Saying that the shaming nature of those ad campaigns is what led people to quit smoking isn’t accurate. At the time, we were accepting of such ads, but they seem to have gone by the wayside. These days, cigarette packages are more likely to be plain rather than the old “fear packaging.” It’s more about creating “friction” between the person and the undesirable behavior. Costs too much, can’t smoke at your desk, and now you can’t see the cigarettes in the store, but have to remember the name of the specific brand and ask for it rather than peruse the rows and make a selection. This had a more powerful effect than any ad saying cigarettes will give you a limp dick.

Regarding the shaming nature of the old smoking ads, my friend Dr. Yoni Freehoff said, “I don’t think it was okay to do that with smoking. It’s a complex behavior. People are smokers for a whole host of reasons, and shame does not fuel behavior change for most people long term.”

Just because we did it with smoking doesn’t mean we should try ramming it down people’s throats with obesity, because that wasn’t what worked. It was the friction that worked. But it goes beyond that, because smoking is a behavior, and obesity is a medical condition.

“Obesity is a chronic disease,” said Dr. Freedhoff. “This is the medical view. The CDC says it is. The World Health Organization says it is. The Canadian Medical Association says it is …” You can disagree with obesity as a disease, but you’re disagreeing with the medical establishment; perhaps consider how your education and expertise ranks before sounding off on this medical designation.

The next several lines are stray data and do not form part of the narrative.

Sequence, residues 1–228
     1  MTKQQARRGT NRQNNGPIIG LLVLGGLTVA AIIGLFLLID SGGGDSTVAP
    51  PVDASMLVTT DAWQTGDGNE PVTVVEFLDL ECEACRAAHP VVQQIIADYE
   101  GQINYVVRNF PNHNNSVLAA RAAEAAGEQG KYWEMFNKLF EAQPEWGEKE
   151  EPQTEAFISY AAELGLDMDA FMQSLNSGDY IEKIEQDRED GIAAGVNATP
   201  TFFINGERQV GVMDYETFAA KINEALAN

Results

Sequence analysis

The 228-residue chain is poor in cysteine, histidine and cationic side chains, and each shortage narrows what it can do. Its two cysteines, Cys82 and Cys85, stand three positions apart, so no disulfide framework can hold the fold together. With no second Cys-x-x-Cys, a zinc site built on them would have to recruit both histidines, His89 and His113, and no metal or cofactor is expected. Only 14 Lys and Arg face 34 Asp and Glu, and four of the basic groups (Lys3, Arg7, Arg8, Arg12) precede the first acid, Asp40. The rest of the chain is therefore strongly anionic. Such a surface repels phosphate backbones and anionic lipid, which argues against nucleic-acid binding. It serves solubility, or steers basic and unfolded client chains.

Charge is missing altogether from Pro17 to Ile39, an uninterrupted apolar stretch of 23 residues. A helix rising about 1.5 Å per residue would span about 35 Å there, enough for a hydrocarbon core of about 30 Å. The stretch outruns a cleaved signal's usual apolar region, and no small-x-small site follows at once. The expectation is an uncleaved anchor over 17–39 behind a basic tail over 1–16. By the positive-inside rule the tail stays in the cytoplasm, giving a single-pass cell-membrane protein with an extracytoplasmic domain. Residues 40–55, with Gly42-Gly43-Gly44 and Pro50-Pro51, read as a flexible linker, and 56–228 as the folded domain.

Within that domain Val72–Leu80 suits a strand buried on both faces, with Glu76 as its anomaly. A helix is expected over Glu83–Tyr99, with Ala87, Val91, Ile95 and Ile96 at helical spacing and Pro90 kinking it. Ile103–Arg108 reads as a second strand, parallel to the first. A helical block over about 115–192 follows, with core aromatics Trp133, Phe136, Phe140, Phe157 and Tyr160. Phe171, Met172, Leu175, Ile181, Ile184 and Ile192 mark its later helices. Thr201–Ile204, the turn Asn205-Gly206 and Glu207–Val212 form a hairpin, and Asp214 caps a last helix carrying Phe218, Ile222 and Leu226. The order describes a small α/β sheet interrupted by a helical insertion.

Some people have obesity with no ill effects. Some of them may experience negative health outcomes from their obesity later in life, others, not at all. And for others, their obesity is directly related to significant health conditions. Like many things, results lie on a continuum.

“Obesity is something people are not choosing to do,” Freedhoff said. It’s incredibly complex and exists for a whole host of reasons. The concept of obesity resulting from purposeful sloth and gluttony is ridiculous and reveals narrow-minded thinking. The environmental shift alone can explain much of it. In a study just published in the Lancet the authors state that since 1970, “We believe it is implausible that each age, sex, and ethnic group had a simultaneous decline in willpower related to healthy nutrition or exercise.”

Beyond environment, there are issues of genetics, upbringing, psychological and sexual abuse, medication and medical conditions, depression, social issues, environment—obesity is multi-factorial, and the solution is never a simple one.

“Stopping smoking is singular,” Freedhoff said. “Obesity is a lot more complex and there is no gold standard program.” And friction can’t be created in the same way. People still need to eat to survive, and on a daily commute many people will pass by an endless stream of fast food places and tasty convenience treats.

You can’t apply the same policies to battling a comparatively simple behavior such as smoking to that of a complex disease. The solution to obesity will be as complex as the condition.

And because of its complex nature as a disease—one that more than a billion people have—compassion and understanding are necessary for developing treatments and interventions.

You don’t have to believe obesity is a disease. You don’t have to participate in compassion-based interventions. You also don’t have to be a hateful ass monkey to those who are suffering.


Follow James on Facebook and Twitter.

James S. Fell, MBA, writes for the Los Angeles Times, Chicago Tribune, Women’s Health, Men’s Health, AskMen, the Guardian, TIME Magazine and many other fine publications. His first book was published by Random House Canada in 2014. He is currently working on his next book, which is about life-changing moments.